In the world of clean technology, we often see new renewable energy ideas that could provide large amounts of power, but we also see lots of ideas for generating smaller amounts of energy for say charging devices or powering lighting. This latest idea from a Wake Forest University sophomore, is one of the latter. Yinger 'Eagle' Jin has been testing a wave energy harnessing technology he built in the school's pool to see how much energy swimmers could generate during the day.
The university says, "Jin constructed an oscillating water column, one of the most productive wave energy converters available, to test the amount of electricity that could feasibly be produced by the pool's waves. It uses a large volume of moving water (in the case of Wake Forest's Reynolds Gym pool, the waves generated by daily swimmers) as a piston in a cylinder. Air is forced out of the column as a wave rises and fresh air is drawn in as the wave falls. This movement of air turns a turbine at the top of the column, which ultimately converts the wave energy to electricity."
"We are talking a very small scale, but recreational swimmers produce a decent amount of waves," Jin said. "The concept is similar to the idea that at a regular gym you have exercise bikes that are powered by someone spinning the pedals."
Jin found that an average of 10 people swim per hour for the 10 hours a day that the pool is open. He calculated that if each person swims butterfly stroke, the swimmers would generate enough waves to produce 10 kilowatt-hours of electricity a day, or enough to power 10 100-watt bulbs for the 10 hours the pool is open.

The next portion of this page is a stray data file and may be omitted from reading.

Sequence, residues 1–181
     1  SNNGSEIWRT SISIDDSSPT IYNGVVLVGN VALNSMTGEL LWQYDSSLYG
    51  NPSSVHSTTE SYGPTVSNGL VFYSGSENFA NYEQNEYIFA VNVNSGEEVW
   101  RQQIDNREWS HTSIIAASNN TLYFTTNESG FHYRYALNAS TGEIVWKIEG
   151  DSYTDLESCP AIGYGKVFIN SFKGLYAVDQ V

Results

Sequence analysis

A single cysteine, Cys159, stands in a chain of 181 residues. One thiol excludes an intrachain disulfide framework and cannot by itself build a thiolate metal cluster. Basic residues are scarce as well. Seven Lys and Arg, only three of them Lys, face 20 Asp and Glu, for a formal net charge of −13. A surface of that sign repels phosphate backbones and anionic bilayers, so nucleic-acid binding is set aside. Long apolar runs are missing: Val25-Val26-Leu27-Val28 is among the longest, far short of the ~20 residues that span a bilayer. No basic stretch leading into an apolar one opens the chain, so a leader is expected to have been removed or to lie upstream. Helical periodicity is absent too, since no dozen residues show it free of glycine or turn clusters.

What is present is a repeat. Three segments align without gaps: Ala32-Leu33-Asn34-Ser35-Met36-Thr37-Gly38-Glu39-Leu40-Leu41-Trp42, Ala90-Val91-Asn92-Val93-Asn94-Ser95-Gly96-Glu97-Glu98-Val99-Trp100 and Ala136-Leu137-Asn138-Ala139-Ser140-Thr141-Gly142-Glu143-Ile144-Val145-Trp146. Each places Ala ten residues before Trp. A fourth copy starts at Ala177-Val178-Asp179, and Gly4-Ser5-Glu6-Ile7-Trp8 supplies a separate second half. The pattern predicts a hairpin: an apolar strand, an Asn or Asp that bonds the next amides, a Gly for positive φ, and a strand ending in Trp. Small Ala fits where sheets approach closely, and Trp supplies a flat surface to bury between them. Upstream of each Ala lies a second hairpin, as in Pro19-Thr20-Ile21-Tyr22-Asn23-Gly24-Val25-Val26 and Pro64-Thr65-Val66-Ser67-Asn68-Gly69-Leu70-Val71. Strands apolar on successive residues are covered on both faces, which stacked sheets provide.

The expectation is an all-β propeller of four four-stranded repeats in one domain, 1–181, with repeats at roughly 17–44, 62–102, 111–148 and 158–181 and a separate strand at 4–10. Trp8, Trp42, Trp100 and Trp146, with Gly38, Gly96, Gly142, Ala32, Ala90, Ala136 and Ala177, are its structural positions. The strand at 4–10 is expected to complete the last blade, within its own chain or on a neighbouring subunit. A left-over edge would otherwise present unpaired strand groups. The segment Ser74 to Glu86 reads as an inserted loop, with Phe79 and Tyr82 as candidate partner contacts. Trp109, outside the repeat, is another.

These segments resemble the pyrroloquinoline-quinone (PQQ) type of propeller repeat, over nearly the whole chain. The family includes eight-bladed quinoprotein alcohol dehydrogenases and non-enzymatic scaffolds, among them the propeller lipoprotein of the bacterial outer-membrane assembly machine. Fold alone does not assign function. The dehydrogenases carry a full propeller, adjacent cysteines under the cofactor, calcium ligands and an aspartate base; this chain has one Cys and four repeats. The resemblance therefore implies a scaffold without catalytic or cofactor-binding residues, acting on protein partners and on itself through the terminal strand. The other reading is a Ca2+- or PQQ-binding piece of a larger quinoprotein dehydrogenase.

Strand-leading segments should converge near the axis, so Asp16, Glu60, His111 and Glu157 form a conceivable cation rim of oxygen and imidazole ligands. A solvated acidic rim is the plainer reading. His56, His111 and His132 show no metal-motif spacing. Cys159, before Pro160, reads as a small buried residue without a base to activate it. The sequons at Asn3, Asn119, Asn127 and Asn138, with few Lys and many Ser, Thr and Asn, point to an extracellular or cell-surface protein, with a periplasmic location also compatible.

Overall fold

Jin's project has a greater purpose beyond just generating electricity from swimmers' waves. The mathematical model Jin and his mathematics professor Sarah Mason developed to measure the energy output from the waves can also be applied in bigger water sources than the pool.
“There is certainly room for continuation in Eagle’s project; in particular one publishable goal is to calculate how much energy could be produced through wave energy off the coast of North Carolina,” Mason said. “We have computed rough estimates but would need to factor in more details and be more precise if we wanted to get an accurate prediction.”